Happy Birthday, Detroit! Here are some of the stories we've been reading lately.

More demoes incoming

Same story, different week. News came out last week of two different demoes of older buildings in the city. The first is the old YMCA on East Jefferson, a few blocks away from Pewabic Pottery. The building has been vacant for decades. It's owned by the Women's Justice Center and the city has requested that it be torn down. And back in the District Detroit, the city issued a permit to demo a two-story building at Cass and Peterboro (seen above) owned by the Ilitch's Olympia Development. Olympia gave outlets a vague statement about working with the city on a "broader plan for all our real estate holdings." Preservationists are rightfully upset, since the Ilitches have a terrible track record restoring the historic buildings they own. The building is next door to the former Chung's restaurant, which recently sold to a developer. Axios Detroit Crain's Detroit

*Monday afternoon, Crain's reports that City Council member Gabriela Santiago-Romero has submitted a letter asking the city to hold off on the demo, and to possibly create an interim historic designation of the Cass Corridor building.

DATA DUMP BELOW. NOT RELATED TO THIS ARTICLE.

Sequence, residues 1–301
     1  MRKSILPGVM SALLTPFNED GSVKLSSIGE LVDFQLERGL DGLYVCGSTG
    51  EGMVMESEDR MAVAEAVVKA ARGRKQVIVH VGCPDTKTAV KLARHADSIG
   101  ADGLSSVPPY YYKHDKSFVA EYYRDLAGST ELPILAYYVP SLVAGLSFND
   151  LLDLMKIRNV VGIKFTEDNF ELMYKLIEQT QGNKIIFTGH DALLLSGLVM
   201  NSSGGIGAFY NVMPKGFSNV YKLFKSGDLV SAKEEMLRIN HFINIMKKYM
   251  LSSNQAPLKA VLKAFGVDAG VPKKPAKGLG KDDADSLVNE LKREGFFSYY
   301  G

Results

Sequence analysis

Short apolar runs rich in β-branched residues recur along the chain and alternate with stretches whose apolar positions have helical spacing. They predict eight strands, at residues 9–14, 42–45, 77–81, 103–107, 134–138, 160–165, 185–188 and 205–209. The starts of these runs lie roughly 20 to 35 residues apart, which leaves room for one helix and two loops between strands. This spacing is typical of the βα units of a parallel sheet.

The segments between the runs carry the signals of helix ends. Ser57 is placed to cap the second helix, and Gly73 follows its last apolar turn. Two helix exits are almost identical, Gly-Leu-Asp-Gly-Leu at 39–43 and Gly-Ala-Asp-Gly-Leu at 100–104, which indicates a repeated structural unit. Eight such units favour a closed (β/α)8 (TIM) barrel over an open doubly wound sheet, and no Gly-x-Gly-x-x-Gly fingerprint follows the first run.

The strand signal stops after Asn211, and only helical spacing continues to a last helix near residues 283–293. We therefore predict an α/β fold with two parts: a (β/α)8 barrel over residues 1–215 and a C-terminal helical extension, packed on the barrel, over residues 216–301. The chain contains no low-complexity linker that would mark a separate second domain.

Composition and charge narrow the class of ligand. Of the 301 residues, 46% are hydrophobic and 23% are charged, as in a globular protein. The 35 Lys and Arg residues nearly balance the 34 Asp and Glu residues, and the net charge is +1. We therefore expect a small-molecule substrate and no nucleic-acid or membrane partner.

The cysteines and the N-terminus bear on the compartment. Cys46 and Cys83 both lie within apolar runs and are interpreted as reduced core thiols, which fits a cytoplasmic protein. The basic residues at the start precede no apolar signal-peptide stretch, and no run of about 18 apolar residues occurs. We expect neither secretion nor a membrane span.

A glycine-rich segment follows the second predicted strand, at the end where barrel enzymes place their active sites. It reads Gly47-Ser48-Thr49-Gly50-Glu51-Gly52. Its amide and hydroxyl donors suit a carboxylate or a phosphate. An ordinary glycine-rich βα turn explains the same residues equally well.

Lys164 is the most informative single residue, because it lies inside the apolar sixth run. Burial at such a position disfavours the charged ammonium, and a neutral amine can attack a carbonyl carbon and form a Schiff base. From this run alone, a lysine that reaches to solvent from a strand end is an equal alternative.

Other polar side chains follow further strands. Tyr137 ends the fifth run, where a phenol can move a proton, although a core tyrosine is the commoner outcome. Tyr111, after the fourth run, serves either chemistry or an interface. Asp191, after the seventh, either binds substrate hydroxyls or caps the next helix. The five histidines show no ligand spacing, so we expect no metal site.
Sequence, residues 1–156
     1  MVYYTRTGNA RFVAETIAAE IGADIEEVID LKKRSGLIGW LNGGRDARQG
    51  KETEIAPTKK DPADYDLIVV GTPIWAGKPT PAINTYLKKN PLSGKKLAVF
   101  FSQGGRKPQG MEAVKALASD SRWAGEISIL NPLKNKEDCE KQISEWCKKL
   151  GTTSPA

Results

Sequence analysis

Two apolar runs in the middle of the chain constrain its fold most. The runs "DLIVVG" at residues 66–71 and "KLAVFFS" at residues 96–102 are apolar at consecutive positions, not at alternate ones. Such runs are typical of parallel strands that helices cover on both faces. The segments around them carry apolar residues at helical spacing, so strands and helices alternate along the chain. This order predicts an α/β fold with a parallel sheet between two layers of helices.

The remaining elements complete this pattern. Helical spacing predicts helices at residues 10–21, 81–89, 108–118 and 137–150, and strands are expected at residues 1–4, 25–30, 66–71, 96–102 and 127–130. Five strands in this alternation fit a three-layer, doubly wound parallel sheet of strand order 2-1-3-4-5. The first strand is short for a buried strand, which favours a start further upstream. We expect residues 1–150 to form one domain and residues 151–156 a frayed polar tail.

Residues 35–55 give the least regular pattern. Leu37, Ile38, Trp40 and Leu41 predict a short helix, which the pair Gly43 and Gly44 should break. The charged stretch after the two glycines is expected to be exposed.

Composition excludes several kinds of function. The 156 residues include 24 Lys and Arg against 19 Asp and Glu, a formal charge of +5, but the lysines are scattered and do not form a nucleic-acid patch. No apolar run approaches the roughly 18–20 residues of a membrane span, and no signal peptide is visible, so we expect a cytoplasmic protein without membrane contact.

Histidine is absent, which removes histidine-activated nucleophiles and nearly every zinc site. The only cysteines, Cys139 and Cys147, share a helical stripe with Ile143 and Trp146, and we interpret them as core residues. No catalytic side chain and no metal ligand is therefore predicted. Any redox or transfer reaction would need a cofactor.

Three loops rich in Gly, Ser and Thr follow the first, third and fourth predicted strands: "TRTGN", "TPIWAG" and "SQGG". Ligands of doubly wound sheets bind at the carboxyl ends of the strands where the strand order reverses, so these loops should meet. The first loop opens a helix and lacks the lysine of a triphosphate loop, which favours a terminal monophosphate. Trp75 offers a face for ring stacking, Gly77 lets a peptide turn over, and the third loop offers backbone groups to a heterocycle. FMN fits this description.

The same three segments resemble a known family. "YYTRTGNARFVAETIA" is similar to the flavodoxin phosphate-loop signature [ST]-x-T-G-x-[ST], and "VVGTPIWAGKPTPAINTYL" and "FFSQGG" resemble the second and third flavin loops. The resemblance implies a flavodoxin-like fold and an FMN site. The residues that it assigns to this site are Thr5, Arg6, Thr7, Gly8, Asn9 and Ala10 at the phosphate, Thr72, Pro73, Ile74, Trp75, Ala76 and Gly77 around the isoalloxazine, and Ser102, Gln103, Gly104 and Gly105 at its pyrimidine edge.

Parking zones for Midtown residents

Considering the amount of events, new businesses, and restaurants in Midtown and Brush Park, you can imagine the trouble that residents can have parking in those areas. The city recently approved a resolution for parking zones in certain parts of Midtown (close to Little Caesars Arena), and a few areas in Brush Park are up for consideration. Residents can apply for a permit, which will run $60 per year (plus a $35 admin fee), with a discount for seniors and low-income residents. Bridge Detroit

Crushed concrete denied in Core City

Community members in Core City actively opposed plans for a concrete crushing facility in their neighborhood, citing environmental and health concerns. The developer appealed an earlier denial from BSEED, but city officials last week denied the appeal for the new facility. The developer still needs to clean up piles of concrete currently on the site. Detroit Free Press